China’s November economic data batch offered few surprises. PPI inflation showed the most significant monthly deviation, dropping from 6.9% YOY in October to 5.8% in November, with sequential price momentum moderating among some of the major smokestack industries including coal and ferrous metals. CPI printed at 1.7% YOY, off 20bps from last month. Retail sales, industrial production and fixed asset investment were all little changed, printing at 10.2% YOY, 6.1% YOY and 7.2% YOY respectively. M2 growth rose 30bps to 9.1% YOY.

Inflation spiked in India, with CPI rising from 3.6% YOY to 4.9% YOY in November. This was a surprise to the market and strengthens our view that the one-way bet on Indian rates of the last 2-3 years has come to an end. Having delivered a total of 200bps of rate cuts, leaving the policy rate at 6.00% at the last meeting, we believe the RBI is now firmly neutral with no significant bias in either direction. The fact that November’s surge was driven in part by a transient base effect, in addition to a surge in volatile food prices, gives us conviction that the RBI are likely to be patient in the wake of above target CPI (the target being 4%, though with a +/-2% band) in the short term.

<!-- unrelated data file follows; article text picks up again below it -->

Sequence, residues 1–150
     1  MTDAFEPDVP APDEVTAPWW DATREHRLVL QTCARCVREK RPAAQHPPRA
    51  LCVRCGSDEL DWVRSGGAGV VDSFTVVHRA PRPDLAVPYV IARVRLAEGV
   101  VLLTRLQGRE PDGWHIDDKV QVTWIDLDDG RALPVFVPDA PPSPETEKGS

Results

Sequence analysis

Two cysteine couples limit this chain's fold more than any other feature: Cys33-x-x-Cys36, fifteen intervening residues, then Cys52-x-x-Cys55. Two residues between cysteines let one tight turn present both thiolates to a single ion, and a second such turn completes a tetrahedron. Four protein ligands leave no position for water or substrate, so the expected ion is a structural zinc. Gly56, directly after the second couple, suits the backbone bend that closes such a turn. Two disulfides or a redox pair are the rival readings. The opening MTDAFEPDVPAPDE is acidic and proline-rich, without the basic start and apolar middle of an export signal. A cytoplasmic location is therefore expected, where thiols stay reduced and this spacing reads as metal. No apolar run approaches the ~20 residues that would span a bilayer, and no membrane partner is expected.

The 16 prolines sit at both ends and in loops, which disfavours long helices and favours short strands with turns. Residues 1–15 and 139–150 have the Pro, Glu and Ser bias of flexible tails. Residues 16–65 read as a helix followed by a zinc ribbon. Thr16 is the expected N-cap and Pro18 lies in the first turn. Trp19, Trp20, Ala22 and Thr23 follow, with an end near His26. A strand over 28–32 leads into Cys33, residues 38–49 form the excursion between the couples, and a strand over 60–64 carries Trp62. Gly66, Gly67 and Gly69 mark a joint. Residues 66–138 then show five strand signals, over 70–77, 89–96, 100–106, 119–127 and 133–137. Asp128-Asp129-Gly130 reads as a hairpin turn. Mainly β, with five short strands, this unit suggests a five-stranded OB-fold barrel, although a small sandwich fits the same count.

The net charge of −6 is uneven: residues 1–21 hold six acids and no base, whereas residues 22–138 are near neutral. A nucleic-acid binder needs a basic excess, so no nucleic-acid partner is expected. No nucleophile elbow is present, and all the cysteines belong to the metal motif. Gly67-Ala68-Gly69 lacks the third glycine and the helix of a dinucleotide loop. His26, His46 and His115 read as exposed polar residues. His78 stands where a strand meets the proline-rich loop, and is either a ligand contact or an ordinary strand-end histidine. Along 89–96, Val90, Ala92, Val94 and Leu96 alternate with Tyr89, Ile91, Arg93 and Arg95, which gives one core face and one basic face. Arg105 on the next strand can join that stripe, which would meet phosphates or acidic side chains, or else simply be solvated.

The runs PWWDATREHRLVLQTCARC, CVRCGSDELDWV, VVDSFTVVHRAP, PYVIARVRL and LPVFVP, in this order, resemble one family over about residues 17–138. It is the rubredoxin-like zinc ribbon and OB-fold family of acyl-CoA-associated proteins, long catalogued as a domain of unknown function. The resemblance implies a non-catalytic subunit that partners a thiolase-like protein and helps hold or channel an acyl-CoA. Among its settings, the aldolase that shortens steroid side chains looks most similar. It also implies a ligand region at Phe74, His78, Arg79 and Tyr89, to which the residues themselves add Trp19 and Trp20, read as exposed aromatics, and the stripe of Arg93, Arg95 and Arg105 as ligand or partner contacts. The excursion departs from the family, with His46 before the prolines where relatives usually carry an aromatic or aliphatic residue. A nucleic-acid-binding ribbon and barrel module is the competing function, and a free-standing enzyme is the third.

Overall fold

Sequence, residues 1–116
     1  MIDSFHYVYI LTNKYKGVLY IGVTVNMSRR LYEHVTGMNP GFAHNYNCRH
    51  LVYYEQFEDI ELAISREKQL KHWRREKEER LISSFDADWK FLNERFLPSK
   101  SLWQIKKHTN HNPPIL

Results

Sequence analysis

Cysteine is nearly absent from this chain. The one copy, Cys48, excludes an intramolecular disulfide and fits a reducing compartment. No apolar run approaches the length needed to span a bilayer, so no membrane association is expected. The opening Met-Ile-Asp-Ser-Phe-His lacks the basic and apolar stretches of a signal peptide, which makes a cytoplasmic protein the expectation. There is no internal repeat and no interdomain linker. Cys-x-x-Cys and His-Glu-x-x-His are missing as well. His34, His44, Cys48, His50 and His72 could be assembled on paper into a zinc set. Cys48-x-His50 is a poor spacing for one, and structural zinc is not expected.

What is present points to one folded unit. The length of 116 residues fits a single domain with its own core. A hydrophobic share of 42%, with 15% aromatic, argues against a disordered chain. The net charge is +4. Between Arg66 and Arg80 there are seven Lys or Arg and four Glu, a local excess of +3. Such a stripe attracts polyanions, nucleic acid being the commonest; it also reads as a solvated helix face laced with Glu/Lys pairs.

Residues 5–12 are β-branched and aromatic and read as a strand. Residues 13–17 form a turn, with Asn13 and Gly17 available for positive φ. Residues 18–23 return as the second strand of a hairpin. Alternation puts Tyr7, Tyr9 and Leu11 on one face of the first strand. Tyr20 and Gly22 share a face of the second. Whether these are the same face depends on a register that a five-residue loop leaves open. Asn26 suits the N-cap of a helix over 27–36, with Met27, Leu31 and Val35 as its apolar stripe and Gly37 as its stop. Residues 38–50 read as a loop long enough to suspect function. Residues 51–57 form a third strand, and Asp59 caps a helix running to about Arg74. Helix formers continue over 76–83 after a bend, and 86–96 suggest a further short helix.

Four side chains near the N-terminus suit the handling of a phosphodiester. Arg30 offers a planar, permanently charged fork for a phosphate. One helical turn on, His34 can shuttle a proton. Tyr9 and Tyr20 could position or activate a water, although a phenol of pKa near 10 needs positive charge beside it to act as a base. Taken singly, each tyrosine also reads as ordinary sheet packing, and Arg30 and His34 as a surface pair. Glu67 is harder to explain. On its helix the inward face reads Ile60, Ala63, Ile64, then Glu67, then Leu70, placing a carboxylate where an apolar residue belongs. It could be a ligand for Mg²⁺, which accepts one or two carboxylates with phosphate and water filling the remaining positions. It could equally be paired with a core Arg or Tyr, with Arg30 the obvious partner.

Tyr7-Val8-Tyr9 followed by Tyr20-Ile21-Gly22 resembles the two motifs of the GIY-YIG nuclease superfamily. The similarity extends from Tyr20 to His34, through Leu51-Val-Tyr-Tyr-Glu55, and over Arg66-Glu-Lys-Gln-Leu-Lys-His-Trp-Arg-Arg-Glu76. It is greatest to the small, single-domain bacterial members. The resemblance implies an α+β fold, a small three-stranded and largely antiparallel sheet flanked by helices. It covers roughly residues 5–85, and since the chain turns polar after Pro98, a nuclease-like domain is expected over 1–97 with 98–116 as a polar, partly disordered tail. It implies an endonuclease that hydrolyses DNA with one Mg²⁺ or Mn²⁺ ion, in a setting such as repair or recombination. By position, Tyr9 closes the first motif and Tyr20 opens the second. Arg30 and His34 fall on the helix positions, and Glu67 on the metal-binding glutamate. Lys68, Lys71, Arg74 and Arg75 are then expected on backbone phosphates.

On the political front in India, Prime Minister’s Bharatiya Janata Party looks set to retain power in his home state of Gujarat.

This state-level election was seen as a key test of the ‘Modi Effect’, and whether the BJP would be able to overcome the three headwinds of anti-incumbency sentiment, pockets of disillusion with demonetisation among small business owners, and a resurgence of the Congress party.